Wolf energy is what Novak Djokovic called his ability to fight incredible odds and win after his third-round match at Wimbledon 2021.

“Also my upbringing in the mountains I spent a lot of time with wolves – this is wolf energy. I’m not kidding.”

The match was against world No 104 Denis Kudla and Djokovic won in straight sets, but the phrase stood out. It felt like a perfect description of the Serb’s unparalleled resilience that has taken him to the summit of the sport.

The 34-year-old reached a massive milestone when he won Wimbledon, equalling Roger Federer and Rafael Nadal’s record for most men’s singles Grand Slams. The top seed beat Matteo Berrettini 6-7 (4/7), 6-4, 6-4, 6-3 in one of the least surprising Major final results in recent history. The defending champion was always expected to win against the first-time finalist, the only question was the number of sets. But it was not the outcome of the final that mattered, but the impact of it.

As historic as the achievement is, the fact that Djokovic made reaching it look expected, even inevitable, is perhaps more momentous.

When he won the French Open after overcoming Nadal last month, arguably his greatest Grand Slam triumph, it was a historic first in many ways. But at the All England Club, there was little doubt that the defending champion would make it three in a row. Just like in the last few years there has been absolutely no question that Djokovic would reach the 20 mark, sooner rather than later.

His sixth Wimbledon title just confirmed what was long known – Djokovic is no longer chasing the pack, he is the leader. Wolf energy indeed.

Djokovic’s trophy cabinet is already loaded. He is the only man to have won every Major and Masters title at least twice. In fact, he is the first man to have won every Masters 1000 title – the more telling yardstick of consistent, all-court greatness. Earlier this year, he also became the male player with most weeks as world No 1, overtaking Federer’s record of 310.

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By all statistical and practical parameters, Djokovic was the best player of this era before Wimbledon even began. The only thing left to do, for purely academic purposes, was win the No 20. And he did that with a good, old-fashioned Djokovic win where nothing Berrettini did could cross the wall he put up.

Like the French Open final against Stefanos Tsitsipas, he dropped the first set due to a combination of him getting tight while serving and the Italian pouncing on the opening. Unlike the French Open final, the world No 1 bounced right back and began a tactical battle that neutralised all of Berrettini’s big weapons – the serve and the forehand. His return of serve cramped the Italian’s style, even as he played a steady game with minimal errors.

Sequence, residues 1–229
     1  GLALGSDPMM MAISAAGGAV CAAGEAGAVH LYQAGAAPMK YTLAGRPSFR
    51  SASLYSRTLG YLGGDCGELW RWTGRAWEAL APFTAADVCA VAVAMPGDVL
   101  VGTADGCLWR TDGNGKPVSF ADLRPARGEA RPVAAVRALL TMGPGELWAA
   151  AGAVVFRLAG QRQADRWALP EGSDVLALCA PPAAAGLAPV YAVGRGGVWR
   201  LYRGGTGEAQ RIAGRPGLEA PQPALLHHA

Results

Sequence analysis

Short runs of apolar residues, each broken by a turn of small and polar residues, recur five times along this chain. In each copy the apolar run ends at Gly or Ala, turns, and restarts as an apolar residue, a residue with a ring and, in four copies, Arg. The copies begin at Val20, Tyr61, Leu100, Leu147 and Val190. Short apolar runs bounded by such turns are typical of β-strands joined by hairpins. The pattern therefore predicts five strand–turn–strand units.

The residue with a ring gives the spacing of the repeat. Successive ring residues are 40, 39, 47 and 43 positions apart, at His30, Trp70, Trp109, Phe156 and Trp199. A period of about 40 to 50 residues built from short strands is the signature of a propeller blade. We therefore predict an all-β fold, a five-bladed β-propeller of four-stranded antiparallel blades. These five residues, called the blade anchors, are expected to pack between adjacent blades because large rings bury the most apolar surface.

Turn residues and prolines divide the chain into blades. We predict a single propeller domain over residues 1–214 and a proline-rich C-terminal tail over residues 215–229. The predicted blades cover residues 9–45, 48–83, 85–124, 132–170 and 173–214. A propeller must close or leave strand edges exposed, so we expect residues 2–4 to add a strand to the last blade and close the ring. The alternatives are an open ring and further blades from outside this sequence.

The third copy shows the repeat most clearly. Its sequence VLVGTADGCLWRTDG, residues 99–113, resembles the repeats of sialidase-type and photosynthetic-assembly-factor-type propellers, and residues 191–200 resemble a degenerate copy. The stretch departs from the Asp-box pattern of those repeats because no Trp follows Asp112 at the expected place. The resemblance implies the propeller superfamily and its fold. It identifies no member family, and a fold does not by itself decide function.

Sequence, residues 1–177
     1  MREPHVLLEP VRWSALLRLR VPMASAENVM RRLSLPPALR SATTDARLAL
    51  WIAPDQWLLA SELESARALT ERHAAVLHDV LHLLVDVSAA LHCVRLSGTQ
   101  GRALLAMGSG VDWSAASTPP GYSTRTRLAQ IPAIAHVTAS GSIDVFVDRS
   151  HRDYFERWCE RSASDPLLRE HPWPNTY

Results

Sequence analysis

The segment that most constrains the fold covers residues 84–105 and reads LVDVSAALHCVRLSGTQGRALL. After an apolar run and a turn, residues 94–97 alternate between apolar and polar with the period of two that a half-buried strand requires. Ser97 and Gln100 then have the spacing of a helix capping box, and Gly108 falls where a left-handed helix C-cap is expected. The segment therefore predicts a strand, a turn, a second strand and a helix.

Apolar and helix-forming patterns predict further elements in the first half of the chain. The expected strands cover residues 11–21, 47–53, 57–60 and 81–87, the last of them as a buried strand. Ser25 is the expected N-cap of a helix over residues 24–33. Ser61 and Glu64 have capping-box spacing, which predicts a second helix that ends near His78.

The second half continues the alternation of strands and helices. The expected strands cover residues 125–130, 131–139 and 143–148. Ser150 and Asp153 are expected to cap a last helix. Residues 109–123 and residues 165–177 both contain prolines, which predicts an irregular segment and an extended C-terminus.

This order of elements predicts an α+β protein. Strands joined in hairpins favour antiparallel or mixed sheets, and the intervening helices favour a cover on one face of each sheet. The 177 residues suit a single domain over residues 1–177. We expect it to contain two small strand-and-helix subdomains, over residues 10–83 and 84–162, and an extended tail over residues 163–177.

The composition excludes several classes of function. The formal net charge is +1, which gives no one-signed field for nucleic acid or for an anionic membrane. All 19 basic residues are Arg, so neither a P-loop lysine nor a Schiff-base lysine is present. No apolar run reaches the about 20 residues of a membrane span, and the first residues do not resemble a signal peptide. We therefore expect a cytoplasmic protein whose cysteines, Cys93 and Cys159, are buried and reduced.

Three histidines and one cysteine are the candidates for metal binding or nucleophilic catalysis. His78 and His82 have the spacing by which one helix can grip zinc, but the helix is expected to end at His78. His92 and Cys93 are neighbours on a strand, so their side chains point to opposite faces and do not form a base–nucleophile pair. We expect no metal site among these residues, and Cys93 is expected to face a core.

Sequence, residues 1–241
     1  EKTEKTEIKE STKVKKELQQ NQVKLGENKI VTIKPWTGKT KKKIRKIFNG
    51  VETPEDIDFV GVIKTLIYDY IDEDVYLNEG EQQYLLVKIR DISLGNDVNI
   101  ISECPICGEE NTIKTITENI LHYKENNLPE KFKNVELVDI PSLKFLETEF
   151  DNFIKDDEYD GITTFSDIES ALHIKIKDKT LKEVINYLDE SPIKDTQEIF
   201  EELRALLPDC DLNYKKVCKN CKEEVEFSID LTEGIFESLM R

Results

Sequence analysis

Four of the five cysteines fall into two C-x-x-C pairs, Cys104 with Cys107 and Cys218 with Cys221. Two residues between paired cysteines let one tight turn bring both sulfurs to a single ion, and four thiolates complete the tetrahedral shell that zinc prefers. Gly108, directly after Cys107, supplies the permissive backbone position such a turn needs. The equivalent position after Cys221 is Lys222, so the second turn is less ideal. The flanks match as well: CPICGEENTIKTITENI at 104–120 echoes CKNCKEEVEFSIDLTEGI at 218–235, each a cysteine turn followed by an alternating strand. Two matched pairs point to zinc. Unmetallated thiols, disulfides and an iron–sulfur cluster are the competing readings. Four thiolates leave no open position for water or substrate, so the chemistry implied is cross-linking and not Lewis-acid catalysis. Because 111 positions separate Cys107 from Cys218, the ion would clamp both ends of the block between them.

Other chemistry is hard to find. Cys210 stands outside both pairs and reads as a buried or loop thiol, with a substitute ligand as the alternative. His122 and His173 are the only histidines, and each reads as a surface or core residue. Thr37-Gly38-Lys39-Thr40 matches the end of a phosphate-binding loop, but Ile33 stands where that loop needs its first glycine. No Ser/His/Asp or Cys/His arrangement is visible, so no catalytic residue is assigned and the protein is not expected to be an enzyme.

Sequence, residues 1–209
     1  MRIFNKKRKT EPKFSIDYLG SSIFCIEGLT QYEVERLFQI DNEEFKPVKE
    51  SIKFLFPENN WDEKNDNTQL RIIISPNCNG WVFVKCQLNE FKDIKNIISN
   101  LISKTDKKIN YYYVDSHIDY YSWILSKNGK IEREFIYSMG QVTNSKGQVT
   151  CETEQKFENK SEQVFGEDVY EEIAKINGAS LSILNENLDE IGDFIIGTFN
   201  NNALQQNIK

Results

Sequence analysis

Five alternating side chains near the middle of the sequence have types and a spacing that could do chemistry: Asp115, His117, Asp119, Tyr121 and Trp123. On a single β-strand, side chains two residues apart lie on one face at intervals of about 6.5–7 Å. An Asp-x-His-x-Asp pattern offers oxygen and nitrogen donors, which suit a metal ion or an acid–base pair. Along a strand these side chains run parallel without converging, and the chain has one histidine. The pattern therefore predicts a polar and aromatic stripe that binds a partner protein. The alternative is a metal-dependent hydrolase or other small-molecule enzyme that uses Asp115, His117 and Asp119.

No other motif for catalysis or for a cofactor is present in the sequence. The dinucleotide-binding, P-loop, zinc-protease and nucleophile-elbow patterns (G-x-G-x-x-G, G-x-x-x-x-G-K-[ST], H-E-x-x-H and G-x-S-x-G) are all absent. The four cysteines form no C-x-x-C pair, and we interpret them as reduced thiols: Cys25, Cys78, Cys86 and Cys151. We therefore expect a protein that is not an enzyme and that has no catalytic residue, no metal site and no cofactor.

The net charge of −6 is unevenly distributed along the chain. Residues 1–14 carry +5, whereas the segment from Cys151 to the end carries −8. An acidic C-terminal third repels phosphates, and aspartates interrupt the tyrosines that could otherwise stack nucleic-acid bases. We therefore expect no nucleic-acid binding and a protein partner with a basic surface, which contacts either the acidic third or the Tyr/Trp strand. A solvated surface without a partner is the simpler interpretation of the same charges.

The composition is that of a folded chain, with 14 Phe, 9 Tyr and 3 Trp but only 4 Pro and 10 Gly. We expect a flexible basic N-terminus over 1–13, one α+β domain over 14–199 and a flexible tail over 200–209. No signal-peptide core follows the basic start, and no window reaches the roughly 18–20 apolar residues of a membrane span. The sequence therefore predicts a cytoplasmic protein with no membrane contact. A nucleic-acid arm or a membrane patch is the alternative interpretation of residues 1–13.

Playing his 30th Grand Slam final, Djokovic had the experience to work out a strategy that shifted the momentum in his favour. Playing for a record-equalling 20th Major, Djokovic also had some nerves and a lot of motivation; he dealt with the former in the first two sets and the latter shone through thereafter.

A milestone, also a stepping stone

This mark of 20 was a milestone to be reached, but with his mind-boggling mental strength, Djokovic made 20 the starting point – a stepping stone. He has won eight of the last 12 Grand Slams, and looks set to add a lot more.

When Djokovic won his first Grand Slam at the 2008 Australian Open, Federer had 12 while Nadal had three. When the Serb went on the game-changing rampage in 2011, Federer had 16 and Nadal nine. In the span of a decade, the three have made it 20-20-20, with Djokovic covering the most ground.

When Federer became the first man to win 20 Grand Slams at 36, he was evidently a player enjoying a second-wind in the twilight of his career. When Nadal reached the mark at 34, fittingly at French Open in 2020, it was about catching up to his biggest rival. But as Djokovic won 20, it marks the start of something new.

This is his first Channel Slam (winning Roland Garros and Wimbledon in the same year, a transitional challenge for the best) and puts him on the verge of becoming just the third man in history after Don Budge (1938) and Rod Laver (1962 and 1969) to complete the calendar Grand Slam. And just like the second French Open and 20th Major, winning all four in a year seems less like a possibility and more a certainty.

He is fitter and stronger than ever, he has constantly evolved his game making it bulletproof on every surface and against every player. Coupled with his unprecedented wolf-like fighting ability, beating him at a Major is an insurmountable peak as of now. The best have already tried and failed.

There was a time not too long ago when the powerful strikes of a peak Stan Wawrinka and later Dominic Thiem could hit through Djokovic even in best-of-five. There was a time when his own mental demons could get him down. Indeed, the last time he was on the verge of a Channel Slam – incidentally another Olympics year – he was stunned by Sam Querrey in the third round of Wimbledon, lost early at the Rio Games and was beaten in the US Open final.

But the Djokovic of 2021 is nothing like the Djokovic of 2016. He may be getting older but his tennis has also upgraded and the hunger to break records is the not-so-secret fuel. He candidly admitted that Federer and Nadal made him the player he is by constantly testing him.

All those tests are passed now. The chase is over. Whether Federer or Nadal win another Major or younger players rise to the challenge more often remains to be seen. But by equalling their record of 20, Djokovic has started a whole new race. One where he is the alpha wolf.